Recognizing that economic progress depends on a business climate conducive to private investment and enterprise, which in turn requires a range of private sector development policies and institutions, infrastructure, access to services, and supporting laws and regulations designed within a
coherent policy framework and with sensitivity to the interests of all sectors of society,
Observing in particular that reforms designed to improve the business climate are more effective when dialogue between the public and private sectors involves the ultimate beneficiaries of those reforms in diagnostics, solution design, implementation and monitoring,
Aware of the challenges experienced by practitioners in capitalizing on the benefits of dialogue, such as accelerating the reform process, maximizing returns on investment climate reforms and publicprivate investments, contributing to broader poverty reduction strategies and allowing public and
private sectors to build mutual trust that commands widespread confidence,
Conscious of the demand that practitioners have voiced for good practice recommendations and a monitoring and evaluation baseline aimed at providing guidance, measuring success and increasing performance,
Drawing from experiences of numerous professionals from the public, private and donor communities and lessons learned from research into dialogue mechanisms, consolidated at the international workshop for public-private dialogue held in Paris in February 2006,
Now, therefore, by consensus, practitioners are recommended to draw on the following principles hereby set forth as the Charter of Good Practice in using Public-Private Dialogue for Private Sector Development.
PRINCIPLE I: MANDATE AND INSTITUTIONAL ALIGNMENT
A statement of objective is helpful for clarity. A formal or legal mandate can be an important help in some political and economic contexts, but mandates are never sufficient to establish good PPD. Wherever hosted and whenever possible, PPD should be aligned with existing institutions to maximize the institutional potential and minimize friction.
- Dialogue depends on the capacity and mindset of participants, and a legal mandate is not sufficient to create this.
- Nonetheless, a formal mandate is a signal that can establish credibility, make continuity more probable, and enable dialogue to be better integrated into an existing institutional framework.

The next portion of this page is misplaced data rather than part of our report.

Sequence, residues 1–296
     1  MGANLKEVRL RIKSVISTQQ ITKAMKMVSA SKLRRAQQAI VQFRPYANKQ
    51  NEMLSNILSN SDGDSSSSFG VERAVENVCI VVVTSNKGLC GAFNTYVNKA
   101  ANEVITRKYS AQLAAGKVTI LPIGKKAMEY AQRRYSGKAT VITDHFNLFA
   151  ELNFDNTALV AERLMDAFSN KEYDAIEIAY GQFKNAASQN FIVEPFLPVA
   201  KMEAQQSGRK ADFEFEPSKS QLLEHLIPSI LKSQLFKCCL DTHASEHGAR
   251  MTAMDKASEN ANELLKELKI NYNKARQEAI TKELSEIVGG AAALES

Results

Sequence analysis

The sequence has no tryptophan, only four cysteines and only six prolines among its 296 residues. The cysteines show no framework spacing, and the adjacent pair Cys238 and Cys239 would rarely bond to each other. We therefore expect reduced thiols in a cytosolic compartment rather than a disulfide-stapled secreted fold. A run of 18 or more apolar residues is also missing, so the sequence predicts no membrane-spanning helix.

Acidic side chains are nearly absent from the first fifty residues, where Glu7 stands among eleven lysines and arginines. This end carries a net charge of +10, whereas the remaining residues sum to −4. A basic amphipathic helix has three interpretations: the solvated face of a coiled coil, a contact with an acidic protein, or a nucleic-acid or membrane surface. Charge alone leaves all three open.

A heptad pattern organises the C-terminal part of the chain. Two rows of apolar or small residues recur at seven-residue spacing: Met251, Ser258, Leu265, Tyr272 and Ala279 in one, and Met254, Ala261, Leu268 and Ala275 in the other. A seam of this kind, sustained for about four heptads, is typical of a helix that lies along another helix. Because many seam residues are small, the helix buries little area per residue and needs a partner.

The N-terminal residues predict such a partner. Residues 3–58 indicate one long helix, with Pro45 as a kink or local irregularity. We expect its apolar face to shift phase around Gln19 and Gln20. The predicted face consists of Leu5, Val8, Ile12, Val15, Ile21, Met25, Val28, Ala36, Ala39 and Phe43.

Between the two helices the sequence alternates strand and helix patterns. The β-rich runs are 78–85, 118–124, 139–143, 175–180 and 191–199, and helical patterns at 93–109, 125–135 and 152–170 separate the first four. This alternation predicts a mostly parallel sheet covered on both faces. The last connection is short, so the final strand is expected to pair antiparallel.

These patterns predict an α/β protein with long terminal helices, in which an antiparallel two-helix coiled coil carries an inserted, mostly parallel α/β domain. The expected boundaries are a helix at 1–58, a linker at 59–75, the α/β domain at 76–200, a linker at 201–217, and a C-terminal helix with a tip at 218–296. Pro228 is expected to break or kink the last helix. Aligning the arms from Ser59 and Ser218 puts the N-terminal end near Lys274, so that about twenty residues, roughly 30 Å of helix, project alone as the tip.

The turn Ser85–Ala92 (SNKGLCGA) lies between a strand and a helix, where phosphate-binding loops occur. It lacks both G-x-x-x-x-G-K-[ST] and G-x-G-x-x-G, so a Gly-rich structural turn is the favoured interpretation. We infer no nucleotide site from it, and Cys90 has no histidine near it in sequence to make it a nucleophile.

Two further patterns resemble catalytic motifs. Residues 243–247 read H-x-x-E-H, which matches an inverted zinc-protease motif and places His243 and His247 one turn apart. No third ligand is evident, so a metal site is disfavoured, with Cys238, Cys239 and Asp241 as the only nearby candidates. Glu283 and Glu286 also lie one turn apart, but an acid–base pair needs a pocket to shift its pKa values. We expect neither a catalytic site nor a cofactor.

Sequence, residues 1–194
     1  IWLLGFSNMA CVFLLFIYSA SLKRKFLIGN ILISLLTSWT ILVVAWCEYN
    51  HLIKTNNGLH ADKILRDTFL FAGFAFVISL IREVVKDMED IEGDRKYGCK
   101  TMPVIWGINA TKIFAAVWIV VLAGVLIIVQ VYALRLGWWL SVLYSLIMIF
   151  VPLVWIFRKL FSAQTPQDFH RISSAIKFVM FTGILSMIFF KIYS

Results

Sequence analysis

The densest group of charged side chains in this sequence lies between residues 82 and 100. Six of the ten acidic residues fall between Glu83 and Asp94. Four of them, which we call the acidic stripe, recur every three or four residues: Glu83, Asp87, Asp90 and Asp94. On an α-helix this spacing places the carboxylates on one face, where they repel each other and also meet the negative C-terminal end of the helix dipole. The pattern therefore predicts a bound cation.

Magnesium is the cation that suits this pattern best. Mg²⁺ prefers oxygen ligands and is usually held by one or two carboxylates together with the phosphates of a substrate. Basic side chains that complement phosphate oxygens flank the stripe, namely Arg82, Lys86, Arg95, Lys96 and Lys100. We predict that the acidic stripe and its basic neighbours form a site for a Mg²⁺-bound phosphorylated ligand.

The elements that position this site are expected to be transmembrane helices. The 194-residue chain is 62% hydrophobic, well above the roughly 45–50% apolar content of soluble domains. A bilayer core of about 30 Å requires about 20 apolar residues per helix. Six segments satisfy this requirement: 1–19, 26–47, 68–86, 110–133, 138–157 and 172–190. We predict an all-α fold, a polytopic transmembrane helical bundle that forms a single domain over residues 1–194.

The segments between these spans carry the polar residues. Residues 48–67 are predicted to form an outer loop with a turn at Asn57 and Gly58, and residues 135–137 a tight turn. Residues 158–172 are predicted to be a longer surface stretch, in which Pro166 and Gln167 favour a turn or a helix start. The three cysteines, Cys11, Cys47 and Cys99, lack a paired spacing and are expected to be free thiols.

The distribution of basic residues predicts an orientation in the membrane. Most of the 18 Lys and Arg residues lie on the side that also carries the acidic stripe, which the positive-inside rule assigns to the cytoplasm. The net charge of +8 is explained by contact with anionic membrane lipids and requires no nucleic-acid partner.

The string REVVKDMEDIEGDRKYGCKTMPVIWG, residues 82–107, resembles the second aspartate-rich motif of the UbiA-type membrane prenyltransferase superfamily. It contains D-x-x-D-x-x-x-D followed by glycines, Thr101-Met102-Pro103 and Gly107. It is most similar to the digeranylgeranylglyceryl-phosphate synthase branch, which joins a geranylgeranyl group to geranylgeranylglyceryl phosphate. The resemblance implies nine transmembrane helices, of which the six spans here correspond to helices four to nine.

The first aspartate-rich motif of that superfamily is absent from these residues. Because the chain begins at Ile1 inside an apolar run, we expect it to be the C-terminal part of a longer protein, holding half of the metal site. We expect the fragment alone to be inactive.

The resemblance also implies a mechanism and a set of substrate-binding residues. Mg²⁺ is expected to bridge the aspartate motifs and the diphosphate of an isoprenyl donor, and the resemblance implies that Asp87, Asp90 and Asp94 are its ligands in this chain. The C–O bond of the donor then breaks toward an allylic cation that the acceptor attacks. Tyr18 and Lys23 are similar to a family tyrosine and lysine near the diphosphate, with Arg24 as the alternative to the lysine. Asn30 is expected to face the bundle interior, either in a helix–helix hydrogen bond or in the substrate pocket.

- A mandate with legal backing is especially likely to be helpful in transition economies or countries with strongly bureaucratic traditions.
- However, energy should not be diverted into establishing a legal status at the expense of losing momentum on substantive reform efforts.
- Legal mandates that are too detailed carry the risk of restricting flexibility and restraining initiatives from adapting to changing circumstances.
- Existing institutions should be capitalized on as much as possible. Even when hosted outside existing institutional frameworks, PPD is more effective when aligning its structure with existing institutional priorities and lines of command.
PRINCIPLE II: STRUCTURE AND PARTICIPATION
PPD’s structure should be manageable while flexible, enable participation to be both balanced and effective, and reflect the local private sector context.
- Appropriate structures can be formal, informal or a mixture. Their design needs to take into account existing processes and institutions.
- Participation of relevant representative stakeholders should be agreed on in a transparent manner and be balanced and practicable, so as to best serve the objectives of the dialogue.
- Dialogue structures can be set up to carry out specific participatory processes in a series of working groups, for example to contribute to the elaboration of reform strategies for specific sectors, issues or regional areas.
- An organizational design operated under the umbrella of a secretariat is often useful to help ensure a coherent approach to public-private dialogue, including the shaping of an overarching policy framework.
PRINCIPLE III: CHAMPIONS
It is difficult to sustain dialogue without champions from both the public and private sectors who invest in the process and drive it forward.
- Backing the right champions is the most important part of outside support to PPD.
- It is easier for dialogue to survive weakness of champions in the private sector than the public sector.